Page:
Career Break, Post Partum Brain Fog, and Interviewing: How to succeed?

I wanted to start a discussion here for the many of us who have gone through a career break and/or actively interviewing while in the post partum period. I hope to use this space for us to share ideas of how to make this work!

When I became pregnant, I took a year off of full-time work after being burned out from working in HR during the pandemic and to manage a medical condition that could have been exacerbated by pregnancy. I continued working very part-time as an independent consultant and career coach and completed my master's degree. Some 'professional break', I know.

Now at five months post partum, I am actively interviewing to get back into the full-time workforce but am running into a few issues. For one, while I worked part-time, my unintentionally short stint at my previous role (6 months) potentially looks a bit suspect to hiring teams and I have a year then as an independent consultant that together may make me look like a job hopper.

Not only that, while I am still working part-time, I am finding I am struggly with post partum brain fog. I have multiple times set up calendar appointments at the wrong time due to time zone confusion, joining meetings a the wrong time (thankfully almost always an hour early), have found more typos in my emails, and have been doing the usual 'mommy brain' things in my personal life. For example, I put my phone directly in the sink as I was actively washing dishes this morning. This is driving me crazy as I have always been a super organized and strong communicator, and here I am having a hard time with simple tasks.

So my question for discussion is two-fold:

1) How does make yourself a stronger candidate after a short professional break from full-time work?

2) How can one best manage the brain fog that comes with early parenthood to make yourself a more reliable, on-top-of-it person?

Would love any anecdotes or perspectives from this community!

Hi Tori, I also took a career break and consulted/studied over the past two years, although I didn't also have a baby! It sounds like you have plenty of things to be proud of achieving and you're being a little hard on yourself.I, too, have been interviewing recently as I feel ready and excited for full-time work again. I haven't found people to be too concerned with my career break - I have my spiel I use that focuses on what positives I gained from the time and it doesn't seem to arouse suspicions. In fact, I think a lot of people are in a similar boat after covid and can relate. If you feel and can talk positively about it, it seems to rub off on others you're talking to as well.Going back into interviewing mode is tough though, and for more senior level roles, takes time and a lot of effort. Steel yourself, you'll get there, and if you need some moral support and cheerleading, DM me, happy to help if I can!
HI @KatePresc - It took me a bit to reply but just wanted to let you know I read your comment and really appreciated your perspective and positive words. I definitely took them to heart. What ended up really helping was moving my daughter into her own room and sleep training. A few days of a full night of sleep really made a difference! Feeling much improved now. Thanks again for your comment!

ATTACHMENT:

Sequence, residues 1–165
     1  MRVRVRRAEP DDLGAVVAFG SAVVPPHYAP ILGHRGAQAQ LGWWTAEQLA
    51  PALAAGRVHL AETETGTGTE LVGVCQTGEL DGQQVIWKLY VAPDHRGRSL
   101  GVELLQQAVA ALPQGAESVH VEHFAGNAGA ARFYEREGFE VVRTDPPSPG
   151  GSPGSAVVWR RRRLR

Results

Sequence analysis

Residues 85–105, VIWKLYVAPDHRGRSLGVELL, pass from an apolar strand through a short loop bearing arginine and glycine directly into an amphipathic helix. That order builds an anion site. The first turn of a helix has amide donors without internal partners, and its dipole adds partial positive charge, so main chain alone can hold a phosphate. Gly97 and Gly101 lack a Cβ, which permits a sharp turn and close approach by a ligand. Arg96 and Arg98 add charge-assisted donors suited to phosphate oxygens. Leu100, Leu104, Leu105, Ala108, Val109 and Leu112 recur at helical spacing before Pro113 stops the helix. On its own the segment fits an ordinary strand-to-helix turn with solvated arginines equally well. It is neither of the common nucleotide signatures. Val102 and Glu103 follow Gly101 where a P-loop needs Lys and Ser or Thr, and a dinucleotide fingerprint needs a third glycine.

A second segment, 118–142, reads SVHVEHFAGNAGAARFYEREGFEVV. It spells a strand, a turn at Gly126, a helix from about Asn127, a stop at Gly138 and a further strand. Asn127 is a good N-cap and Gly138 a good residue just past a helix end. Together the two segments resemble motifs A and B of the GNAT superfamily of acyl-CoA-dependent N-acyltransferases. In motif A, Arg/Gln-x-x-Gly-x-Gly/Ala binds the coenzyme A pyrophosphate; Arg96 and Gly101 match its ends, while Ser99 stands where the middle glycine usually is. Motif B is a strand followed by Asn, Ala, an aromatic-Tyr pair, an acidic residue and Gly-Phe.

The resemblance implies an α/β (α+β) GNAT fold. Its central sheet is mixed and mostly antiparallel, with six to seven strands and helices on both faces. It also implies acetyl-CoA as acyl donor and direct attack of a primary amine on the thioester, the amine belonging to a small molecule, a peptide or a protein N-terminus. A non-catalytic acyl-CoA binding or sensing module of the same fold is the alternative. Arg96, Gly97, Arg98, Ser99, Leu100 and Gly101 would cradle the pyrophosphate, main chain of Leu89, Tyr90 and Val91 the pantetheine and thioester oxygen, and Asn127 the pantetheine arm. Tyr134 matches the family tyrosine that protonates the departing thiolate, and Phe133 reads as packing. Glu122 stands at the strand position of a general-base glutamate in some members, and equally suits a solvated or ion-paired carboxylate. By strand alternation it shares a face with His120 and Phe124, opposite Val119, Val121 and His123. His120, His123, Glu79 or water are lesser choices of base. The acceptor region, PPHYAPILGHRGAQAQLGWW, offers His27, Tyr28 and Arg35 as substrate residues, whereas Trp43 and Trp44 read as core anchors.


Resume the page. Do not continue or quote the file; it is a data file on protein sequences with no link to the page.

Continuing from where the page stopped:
I haven't taken a break besides leave of absence for maternity. I'm experiencing major brain fog due to sleep deprivation and have been trying to do the following:- Since I'm the type of person who tends to run at 110%, I'm trying to push myself to envision and practice 80% effort, reminding myself that my 80% is often others' 100%. So, no one really notices the difference.- Saying "no" so that I don't overload my tasks, priorities, calendar, social requirements, etc.- Writing everything down. I know this one's obvious.- Trying to unitask. It's really difficult, as I live in my head and am often problem solving something else while doing another thing. But that means I keep messing things up. Like it took me five tries to "remember to remember" to click "purchase" for the supplies in my digital cart yesterday.- Slowing down in conversations. The added benefit of that is that people think you're being a good / active listener by not interrupting or talking too fast.- This may sound weird, but sometimes I schedule my emails for 10 minutes after I complete writing them so then I can then proofread them in a completely different visual format while they sit in my to-send folder. (this is assuming no visual difference / disability present)- Color coding all the things, assuming the same as above.- Creating shadow meetings on my calendar so that I'm not in back to backs with other people. It's basically blocks of time where people can't schedule with me. It's not 100% consistent because of how life works, but it still helps.- Declaring my "power hours" during the day so that people know before X time and after Y time, I'm not going to be the sharpest conversation partner. I play off the early bird / night owl stereotypes to shape that one.
Thank you for sharing your story!As an aside I saw someone recommend this and thought you might be interested
Hi! It took me a bit to reply, but wanted to say that I took your advice and it absolutely helped. Thanks for your perspective; I was also hella sleep deprived and after moving baby to her own room/sleep training, my sleep drastically improved. Feeling much more like my own self again